Gregory Chaitin

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Greg Chaitin
Born 1947 (1947)
Residence USA
Nationality American
Ethnicity Argentinian-American
Fields Mathematician
Institutions IBM Thomas J. Watson Research Center
Known for Chaitin-Kolmogorov complexity
Chaitin's constant
Chaitin's algorithm

Gregory John Chaitin (born 1947) is an Argentine-American mathematician and computer scientist.

Beginning in the late 1960s, Chaitin made contributions to algorithmic information theory and metamathematics, in particular a new incompleteness theorem in reaction to Gödel's incompleteness theorem. He attended the Bronx High School of Science and City College of New York, where he (still in his teens) developed the theories that led to his independent discovery of Kolmogorov complexity. [1]

Chaitin has defined Chaitin's constant Ω, a real number whose digits are equidistributed and which is sometimes informally described as an expression of the probability that a random program will halt. Ω has the mathematical property that it is definable but not computable.

Chaitin's early work on algorithmic information theory paralleled the earlier work of Kolmogorov.

Chaitin also writes about philosophy, especially metaphysics and philosophy of mathematics (particularly about epistemological matters in mathematics). In metaphysics, Chaitin claims that algorithmic information theory is the key to solving problems in the field of biology (obtaining a formal definition of ‘life’, its origin and evolution) and neuroscience (the problem of consciousness and the study of the mind). Indeed, in recent writings, he defends a position known as digital philosophy. In the epistemology of mathematics, he claims that his findings in mathematical logic and algorithmic information theory show there are “mathematical facts that are true for no reason, they're true by accident. They are random mathematical facts”. Chaitin proposes that mathematicians must abandon any hope of proving those mathematical facts and adopt a quasi-empirical methodology.

Chaitin is also the originator of using graph coloring to do register allocation in compiling, a process known as Chaitin's algorithm.

In 1995 he was given the degree of doctor of science honoris causa by the University of Maine. In 2002 he was given the title of honorary professor by the University of Buenos Aires in Argentina, where his parents were born and where Chaitin spent part of his youth. He is a research staff member at IBM's Thomas J. Watson Research Center and also a visiting professor at the Computer Science Department of the University of Auckland, and on the international committee of the Valparaíso Complex Systems Institute.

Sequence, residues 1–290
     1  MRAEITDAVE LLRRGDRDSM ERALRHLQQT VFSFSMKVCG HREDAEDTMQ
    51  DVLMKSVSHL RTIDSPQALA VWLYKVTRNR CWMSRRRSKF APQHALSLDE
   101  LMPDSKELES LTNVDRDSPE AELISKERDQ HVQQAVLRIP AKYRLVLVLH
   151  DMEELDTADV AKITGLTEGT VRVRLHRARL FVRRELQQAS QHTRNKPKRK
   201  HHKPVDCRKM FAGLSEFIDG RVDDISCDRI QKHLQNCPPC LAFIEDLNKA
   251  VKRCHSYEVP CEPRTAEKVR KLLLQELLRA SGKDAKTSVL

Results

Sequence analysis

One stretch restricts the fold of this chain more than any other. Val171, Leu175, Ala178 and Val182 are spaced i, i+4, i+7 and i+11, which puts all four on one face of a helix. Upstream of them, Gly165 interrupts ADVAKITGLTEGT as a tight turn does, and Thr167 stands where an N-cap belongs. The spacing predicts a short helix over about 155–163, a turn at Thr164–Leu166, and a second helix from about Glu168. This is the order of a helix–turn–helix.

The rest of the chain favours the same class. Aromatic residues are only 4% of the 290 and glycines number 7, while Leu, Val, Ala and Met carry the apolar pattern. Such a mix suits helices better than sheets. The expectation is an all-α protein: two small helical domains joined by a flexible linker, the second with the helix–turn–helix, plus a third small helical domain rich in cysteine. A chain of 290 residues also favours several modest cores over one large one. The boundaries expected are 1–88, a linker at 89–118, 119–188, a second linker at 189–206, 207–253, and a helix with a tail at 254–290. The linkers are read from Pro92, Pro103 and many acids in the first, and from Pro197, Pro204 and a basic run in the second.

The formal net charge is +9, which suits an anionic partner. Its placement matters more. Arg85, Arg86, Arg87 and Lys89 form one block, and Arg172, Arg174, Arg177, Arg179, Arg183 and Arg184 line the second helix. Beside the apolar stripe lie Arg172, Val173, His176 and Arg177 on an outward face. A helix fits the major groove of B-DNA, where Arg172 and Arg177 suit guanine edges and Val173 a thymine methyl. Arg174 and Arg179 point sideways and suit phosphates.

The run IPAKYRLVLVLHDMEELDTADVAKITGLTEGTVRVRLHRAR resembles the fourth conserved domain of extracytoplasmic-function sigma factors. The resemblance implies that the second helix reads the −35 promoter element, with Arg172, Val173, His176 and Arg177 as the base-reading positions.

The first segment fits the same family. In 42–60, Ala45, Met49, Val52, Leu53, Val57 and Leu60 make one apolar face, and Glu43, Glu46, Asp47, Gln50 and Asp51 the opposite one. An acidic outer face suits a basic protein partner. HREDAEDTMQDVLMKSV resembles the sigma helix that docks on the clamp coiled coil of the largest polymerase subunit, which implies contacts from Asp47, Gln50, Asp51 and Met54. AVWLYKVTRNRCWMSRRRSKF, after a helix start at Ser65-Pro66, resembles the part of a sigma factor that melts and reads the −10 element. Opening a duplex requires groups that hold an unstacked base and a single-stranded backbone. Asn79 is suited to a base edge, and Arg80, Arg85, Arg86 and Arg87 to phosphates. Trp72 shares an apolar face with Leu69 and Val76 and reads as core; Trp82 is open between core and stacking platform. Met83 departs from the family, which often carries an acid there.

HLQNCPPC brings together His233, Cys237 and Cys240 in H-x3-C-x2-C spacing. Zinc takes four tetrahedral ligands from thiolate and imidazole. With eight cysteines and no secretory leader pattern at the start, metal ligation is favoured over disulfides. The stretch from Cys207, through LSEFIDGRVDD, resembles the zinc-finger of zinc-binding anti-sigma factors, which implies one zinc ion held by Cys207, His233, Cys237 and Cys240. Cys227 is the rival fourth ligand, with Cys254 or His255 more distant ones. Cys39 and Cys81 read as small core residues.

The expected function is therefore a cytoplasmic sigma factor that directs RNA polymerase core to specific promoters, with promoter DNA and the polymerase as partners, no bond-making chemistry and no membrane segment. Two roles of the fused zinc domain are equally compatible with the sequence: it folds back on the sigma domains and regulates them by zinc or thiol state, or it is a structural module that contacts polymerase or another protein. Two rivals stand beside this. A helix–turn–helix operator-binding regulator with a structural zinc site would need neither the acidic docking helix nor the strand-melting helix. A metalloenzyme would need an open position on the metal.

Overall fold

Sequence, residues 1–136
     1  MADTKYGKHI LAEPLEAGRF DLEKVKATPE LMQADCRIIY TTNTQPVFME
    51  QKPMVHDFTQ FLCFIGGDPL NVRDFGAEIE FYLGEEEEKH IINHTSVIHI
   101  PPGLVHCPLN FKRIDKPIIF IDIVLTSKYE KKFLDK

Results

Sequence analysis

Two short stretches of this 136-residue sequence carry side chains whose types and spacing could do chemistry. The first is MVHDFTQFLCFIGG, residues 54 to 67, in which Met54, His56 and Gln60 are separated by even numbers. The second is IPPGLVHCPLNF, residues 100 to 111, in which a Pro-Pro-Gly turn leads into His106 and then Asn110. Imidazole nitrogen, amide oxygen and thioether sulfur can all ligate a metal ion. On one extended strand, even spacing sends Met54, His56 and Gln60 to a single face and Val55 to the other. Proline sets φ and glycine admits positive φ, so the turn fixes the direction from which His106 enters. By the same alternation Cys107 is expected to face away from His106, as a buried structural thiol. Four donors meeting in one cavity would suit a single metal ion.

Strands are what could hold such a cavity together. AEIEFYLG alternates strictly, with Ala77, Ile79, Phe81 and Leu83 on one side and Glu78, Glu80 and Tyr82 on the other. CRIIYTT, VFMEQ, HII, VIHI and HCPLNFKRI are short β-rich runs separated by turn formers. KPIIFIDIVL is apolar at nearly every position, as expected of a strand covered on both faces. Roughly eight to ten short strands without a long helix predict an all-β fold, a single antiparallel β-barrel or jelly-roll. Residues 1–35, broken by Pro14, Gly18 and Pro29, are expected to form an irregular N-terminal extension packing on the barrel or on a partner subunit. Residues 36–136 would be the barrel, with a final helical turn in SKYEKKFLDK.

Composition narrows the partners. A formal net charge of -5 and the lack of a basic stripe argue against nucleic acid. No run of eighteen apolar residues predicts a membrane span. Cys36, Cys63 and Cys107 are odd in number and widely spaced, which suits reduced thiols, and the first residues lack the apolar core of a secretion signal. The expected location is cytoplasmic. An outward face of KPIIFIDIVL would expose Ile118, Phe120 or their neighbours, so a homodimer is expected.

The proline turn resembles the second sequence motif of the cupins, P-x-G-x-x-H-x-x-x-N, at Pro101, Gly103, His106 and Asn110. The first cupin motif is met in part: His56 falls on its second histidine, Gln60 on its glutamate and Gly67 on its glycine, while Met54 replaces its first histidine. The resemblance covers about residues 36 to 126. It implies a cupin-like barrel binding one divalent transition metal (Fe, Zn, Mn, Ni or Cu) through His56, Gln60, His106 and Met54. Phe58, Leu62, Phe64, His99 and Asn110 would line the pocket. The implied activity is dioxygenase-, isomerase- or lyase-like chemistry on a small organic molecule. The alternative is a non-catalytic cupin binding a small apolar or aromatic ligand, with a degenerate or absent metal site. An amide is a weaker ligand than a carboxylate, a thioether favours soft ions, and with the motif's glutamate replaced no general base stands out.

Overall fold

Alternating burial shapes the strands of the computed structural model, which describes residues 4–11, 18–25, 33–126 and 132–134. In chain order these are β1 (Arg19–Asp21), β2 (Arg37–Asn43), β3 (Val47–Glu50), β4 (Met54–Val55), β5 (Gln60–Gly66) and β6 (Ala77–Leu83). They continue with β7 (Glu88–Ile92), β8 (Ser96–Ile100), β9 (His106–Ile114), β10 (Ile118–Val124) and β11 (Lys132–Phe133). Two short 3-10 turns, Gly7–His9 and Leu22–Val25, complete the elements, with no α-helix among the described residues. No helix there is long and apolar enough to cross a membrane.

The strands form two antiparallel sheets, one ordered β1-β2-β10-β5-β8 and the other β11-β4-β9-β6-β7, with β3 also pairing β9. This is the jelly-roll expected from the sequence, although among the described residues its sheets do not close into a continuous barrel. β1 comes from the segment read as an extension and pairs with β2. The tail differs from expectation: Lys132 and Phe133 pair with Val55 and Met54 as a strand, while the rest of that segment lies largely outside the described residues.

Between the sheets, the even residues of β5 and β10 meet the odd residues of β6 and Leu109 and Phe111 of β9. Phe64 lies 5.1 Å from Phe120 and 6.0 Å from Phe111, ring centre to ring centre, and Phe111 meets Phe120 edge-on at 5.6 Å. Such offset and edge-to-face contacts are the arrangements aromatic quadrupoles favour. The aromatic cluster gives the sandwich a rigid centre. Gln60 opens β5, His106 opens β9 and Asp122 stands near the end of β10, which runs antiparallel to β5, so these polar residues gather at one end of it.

[edit] Criticism

Some philosophers and logicians strongly disagree with the philosophical conclusions that Chaitin has drawn from his theorems. [2] The logician Torkel Franzén [3] criticizes Chaitin’s interpretation of Gödel's Incompleteness Theorem and the alleged explanation for it that Chaitin’s work represents.

[edit] See also

[edit] Bibliography

[edit] Notes

  1. ^ Li and Vitanyi, An Introduction to Kolmogorov Complexity and Its Applications, page 86: G.J.Chaitin had finished the Bronx High School of Science , and was an 18-year-old undergraduate student at City College of the City University of New York, when he submitted two papers [...] In his [second] paper, Chaitin puts forward the notion of Kolmogorov complexity [...]"
  2. ^ Panu Raatikainen "Exploring Randomness and The Unknowable" Notices of the American Mathematical Society Book Review October 2001
  3. ^ Torkel Franzén Gödel's Theorem: An Incomplete Guide to its Use and Abuse. Wellesley, Massachusetts: A K Peters, Ltd., 2005. x + 172 pp. ISBN 1-56881-238-8.

[edit] References

  • Ugo Pagallo, Introduzione alla filosofia digitale. Da Leibniz a Chaitin, ([1], 2005)ISBN 88-348-5635-X
  • Cristian S. Calude (ed.), Randomness and Complexity. From Leibniz to Chaitin, (World Scientific, 2007)ISBN 13 978-981-277-082-0

[edit] External links

NAME Chaitin, Gregory
SHORT DESCRIPTION Argentinian mathematician and computer scientist
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